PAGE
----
Eye on the Amazon: The Official Blog of Amazon Watch
February 13, 2014 | Maira Irigaray
"We won't let our rivers in the Amazon be sacrificed!"
– Antonia Melo
Help Stop the Belo Monte Dam!
As citizens of the global community working to protect rivers and defend human rights, we can change the course of this struggle.
Born in 1949 and mother of five, Melo (as we like to call her) is the coordinator and the heart of the Movimento Xingu Vivo para Sempre (Xingu Alive Forever Movement), a coalition of over 150 organizations and social movements fighting the Belo Monte dam. She has worked tirelessly since the dam was first proposed and stopped following the historic Altamira gathering of 1989 and a global campaign calling for cancellation of World Bank financing.
February 5, 2014 | Paul Paz y Miño
Don't let Chevron turn defending the environment and human rights into a crime!
Tell the U.S. Senate's top corporate watchdogs to investigate Chevron's attacks against the very people it poisoned and their allies.
Pulitzer Prize winning animator Mark Fiore discovered this when we pointed out that Chevron's latest legal filing in their bogus RICO action against the Ecuadorians and their supporters included these lines:
Chevron Has Suffered, and Will Continue to Suffer, Ongoing Injuries
...Chevron continues to be threatened with a variety of "real, immediate, and direct" injuries.
...they have already unleashed a barrage of near-daily press releases, letters to government officials and shareholders, web videos, and cartoons in an effort to extort a payoff from Chevron.
Fiore explains it on his blog in Part 1 and Part 2. He (@MarkFiore and @The_Donny_Rico) then created a Twitter-storm and it's been picked up by Salon.com among others. It was only a matter of time before he too joined the ranks of the "global conspirators" in Chevron’s eyes. Yep, Donny Rico nailed it!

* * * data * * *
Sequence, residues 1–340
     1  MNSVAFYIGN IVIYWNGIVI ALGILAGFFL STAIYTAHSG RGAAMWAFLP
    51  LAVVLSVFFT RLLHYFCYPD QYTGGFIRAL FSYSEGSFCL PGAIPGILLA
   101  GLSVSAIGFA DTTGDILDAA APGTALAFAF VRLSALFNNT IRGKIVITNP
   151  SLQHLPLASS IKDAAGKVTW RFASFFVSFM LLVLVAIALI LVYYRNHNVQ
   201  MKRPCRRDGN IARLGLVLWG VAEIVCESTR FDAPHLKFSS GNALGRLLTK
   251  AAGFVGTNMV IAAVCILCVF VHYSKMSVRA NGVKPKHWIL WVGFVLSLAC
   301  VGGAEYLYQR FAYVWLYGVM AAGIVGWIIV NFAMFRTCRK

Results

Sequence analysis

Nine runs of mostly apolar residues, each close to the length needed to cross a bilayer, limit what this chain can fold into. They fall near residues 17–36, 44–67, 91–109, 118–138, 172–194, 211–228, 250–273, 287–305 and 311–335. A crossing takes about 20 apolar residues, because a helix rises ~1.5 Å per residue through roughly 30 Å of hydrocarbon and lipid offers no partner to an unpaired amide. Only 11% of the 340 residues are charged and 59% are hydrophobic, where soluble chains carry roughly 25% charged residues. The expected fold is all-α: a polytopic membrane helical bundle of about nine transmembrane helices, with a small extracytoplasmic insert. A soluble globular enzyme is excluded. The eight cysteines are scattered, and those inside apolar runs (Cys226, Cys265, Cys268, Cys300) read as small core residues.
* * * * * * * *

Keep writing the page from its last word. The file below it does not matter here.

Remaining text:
February 3, 2014 | Larissa Saud
This week marked a new chapter in the Mundurukú people’s intensifying movement to protect their lands and rivers. Informal gold mining operations have long been a scourge on Mundurukú territory as they operate throughout the Amazon, poisoning rivers, dispersing fish, and bringing conflict and disease to indigenous communities.
A little history
In November 2012, Brazilian authorities organized a brutal military incursion into Mundurukú land, purportedly to stamp out illegal mining. During their so-called “Operation El Dorado” police swept into the Teles Pires indigenous community on a military helicopter wielding machine guns and opened fire, murdering the young leader Adenilson Mundurukú and injuring 12 more people, including children. After their rampage, Brazilian police forces destroyed a mining barge on the river, dispersing debris and pollution. While the action succeeded in driving local miners away, they returned to their operations as soon as the police left the area, leaving the Mundurukú terrorized and without official recourse to remove miners from their lands.
Operation El Dorado is widely believed to have been a tactic by the Brazilian government to intimidate and demoralize the Mundurukú people, who represent the most significant obstacle to government plans to dam the Tapajós River and its tributaries.
January 31, 2014 | Christian Poirier
Join the worldwide chorus calling for justice by urging Brazil's Supreme Court to rule on lawsuits against the Belo Monte Dam!
January 27, 2014 | Stefan Kistler
Last week Peruvian governmental authorities released test results that prove alarming levels of contamination in Peru's largest national reserve, Pacaya Samiria. The park has been declared a "wetland of international importance" by international treaty and is part of Kukama Kukamilla indigenous territory. The contaminated waters are the source of drinking water for numerous indigenous communities along the Marañon River basin of the northern Peruvian Amazon.
Contaminants were detected in water, soil, sediment, and drinking water within and outside of the oil concession 8x operated by Pluspetrol. Soil contained hydrocarbons (TPH), as well as heavy metals such as lead, mercury, and arsenic – in some areas exceeding up to 95 times the permitted environmental quality standards for soil. The water contaminants included arsenic, zinc, mercury, and most prominently, lead.
The agencies reported several infractions by Pluspetrol, including its failure to report 49 of the 60 sites where contaminants were detected. Actions have been taken to undertake sanctions against the company.
These test results are the last in a series of investigations carried out by a government commission which looked at the two oil concessions 1AB and 8, operated by Pluspetrol, located in the northern Peruvian Amazon. The seriousness of previous results from the Pastaza, Corrientes, and Tigre river basins led the government to declare an environmental state of emergency in each respective basin.